Regaining the church as a people formed by God rather than by humanity may be a beginning. Jesus says to us, “You did not choose me, but I chose you” (John 15:16). We do not receive a veto over who Christ calls and chooses. We are simply called to abide together and deal with one another. This perspective is a corollary to what is referred to as the cultural-linguistic turn that Lindbeck (along with Episcopal priest Hans Frei) advocated, and which has been shot through the various elements of the post-liberal or Narrative Theology movement. It is part and parcel of reflecting on the nature of Church-as-Israel, not in a way that supersedes the Jewish people, but as wild branches grafted onto the one people of God, Jewish and Gentile.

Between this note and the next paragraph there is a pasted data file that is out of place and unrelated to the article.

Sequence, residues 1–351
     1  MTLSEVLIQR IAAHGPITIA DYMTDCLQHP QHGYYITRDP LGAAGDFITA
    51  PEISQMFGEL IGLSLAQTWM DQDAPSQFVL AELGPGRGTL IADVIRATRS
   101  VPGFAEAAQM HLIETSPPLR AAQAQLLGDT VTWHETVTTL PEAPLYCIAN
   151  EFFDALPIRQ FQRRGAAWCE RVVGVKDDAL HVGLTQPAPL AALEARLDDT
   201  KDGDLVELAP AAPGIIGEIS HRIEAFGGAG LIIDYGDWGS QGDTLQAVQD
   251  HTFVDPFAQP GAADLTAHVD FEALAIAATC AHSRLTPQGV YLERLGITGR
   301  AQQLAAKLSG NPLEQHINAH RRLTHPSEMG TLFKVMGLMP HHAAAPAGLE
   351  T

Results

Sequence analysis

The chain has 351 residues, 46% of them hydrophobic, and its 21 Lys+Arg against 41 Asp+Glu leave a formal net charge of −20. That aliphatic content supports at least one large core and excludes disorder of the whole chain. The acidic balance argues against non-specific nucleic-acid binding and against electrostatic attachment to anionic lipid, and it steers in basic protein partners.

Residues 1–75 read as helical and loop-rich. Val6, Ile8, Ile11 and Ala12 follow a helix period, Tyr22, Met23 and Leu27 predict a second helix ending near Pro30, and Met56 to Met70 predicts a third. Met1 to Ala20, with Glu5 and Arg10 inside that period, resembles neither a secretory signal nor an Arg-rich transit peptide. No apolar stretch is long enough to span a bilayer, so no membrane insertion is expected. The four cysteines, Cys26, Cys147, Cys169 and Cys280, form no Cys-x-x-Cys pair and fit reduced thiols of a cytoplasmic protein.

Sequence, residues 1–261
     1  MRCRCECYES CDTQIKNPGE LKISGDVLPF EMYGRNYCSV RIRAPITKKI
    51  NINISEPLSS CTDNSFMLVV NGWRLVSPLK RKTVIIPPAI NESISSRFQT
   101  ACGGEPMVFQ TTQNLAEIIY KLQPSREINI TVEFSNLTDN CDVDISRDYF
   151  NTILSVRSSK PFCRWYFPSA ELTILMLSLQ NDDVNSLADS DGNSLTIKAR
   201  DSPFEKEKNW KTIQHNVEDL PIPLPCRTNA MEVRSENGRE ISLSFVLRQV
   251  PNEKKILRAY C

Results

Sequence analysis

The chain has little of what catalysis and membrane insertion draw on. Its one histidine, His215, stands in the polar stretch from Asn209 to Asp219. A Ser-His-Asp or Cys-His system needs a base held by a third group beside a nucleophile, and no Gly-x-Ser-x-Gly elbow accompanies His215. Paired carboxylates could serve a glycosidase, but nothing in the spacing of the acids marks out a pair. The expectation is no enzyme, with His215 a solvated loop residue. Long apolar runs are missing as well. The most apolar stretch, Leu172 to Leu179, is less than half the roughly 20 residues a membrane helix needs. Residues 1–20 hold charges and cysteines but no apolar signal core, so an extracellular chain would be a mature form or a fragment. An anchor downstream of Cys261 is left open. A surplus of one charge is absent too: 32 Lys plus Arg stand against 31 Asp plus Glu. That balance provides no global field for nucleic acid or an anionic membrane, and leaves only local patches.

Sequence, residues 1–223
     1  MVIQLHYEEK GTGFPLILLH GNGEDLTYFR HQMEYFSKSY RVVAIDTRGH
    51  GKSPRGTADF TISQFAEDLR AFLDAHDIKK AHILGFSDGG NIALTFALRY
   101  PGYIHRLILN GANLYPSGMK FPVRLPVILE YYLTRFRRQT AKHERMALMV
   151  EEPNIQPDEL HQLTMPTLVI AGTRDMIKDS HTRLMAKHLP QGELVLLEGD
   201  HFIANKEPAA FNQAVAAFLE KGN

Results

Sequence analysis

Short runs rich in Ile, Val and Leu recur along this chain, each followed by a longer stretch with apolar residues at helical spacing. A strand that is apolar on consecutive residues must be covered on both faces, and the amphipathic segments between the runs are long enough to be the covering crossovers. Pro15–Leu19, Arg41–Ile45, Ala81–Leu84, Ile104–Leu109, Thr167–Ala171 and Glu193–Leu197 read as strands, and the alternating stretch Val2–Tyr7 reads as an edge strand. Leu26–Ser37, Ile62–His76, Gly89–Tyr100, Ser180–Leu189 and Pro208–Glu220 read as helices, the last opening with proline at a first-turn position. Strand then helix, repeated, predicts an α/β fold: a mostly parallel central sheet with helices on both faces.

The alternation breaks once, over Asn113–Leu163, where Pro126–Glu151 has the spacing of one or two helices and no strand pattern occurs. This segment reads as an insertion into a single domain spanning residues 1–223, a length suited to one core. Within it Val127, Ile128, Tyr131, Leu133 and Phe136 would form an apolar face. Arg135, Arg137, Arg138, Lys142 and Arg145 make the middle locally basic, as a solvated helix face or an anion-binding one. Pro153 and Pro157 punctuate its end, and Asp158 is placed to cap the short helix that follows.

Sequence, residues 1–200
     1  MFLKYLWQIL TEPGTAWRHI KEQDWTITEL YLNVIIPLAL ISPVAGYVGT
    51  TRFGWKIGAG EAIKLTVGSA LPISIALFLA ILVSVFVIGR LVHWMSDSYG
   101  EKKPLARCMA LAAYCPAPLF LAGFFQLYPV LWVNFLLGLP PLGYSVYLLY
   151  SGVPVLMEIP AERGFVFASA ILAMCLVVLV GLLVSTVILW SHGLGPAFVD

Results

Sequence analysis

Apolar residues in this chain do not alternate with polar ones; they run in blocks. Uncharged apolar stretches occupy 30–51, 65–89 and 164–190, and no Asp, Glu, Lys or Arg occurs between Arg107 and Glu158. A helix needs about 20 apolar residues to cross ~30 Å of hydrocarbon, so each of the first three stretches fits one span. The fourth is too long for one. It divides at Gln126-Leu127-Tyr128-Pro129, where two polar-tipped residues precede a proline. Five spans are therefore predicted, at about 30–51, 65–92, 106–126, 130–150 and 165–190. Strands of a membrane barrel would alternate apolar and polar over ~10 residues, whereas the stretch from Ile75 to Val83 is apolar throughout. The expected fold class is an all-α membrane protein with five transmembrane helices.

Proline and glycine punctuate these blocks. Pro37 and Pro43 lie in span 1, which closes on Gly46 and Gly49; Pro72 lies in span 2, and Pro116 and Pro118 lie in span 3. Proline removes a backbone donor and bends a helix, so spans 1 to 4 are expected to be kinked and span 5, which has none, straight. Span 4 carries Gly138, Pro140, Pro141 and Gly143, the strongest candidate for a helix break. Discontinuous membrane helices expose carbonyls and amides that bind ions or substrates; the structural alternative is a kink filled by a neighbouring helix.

In regard to forming the sort of state capable of this sort of resistance to widespread systemic evil, it must be pluralistic not simply to be welcoming but in order that power may be diffuse and located with individuals, institutions, and communities that exist within the state as a whole — and significantly, sometimes, across the boundaries of various states — which then hold the state and each other to account. Such a thick civic culture is consistent with the positive aspects of the vision of America’s founders, and has the happy consequence of helping us resist oppression in measure relative to how many individuals, groups, and communities enjoy equal access to the public square, public space, and public institutions. At its best, the Anglican tradition is both well suited to, and particularly interested in, nurturing both of these realities for the common good of all.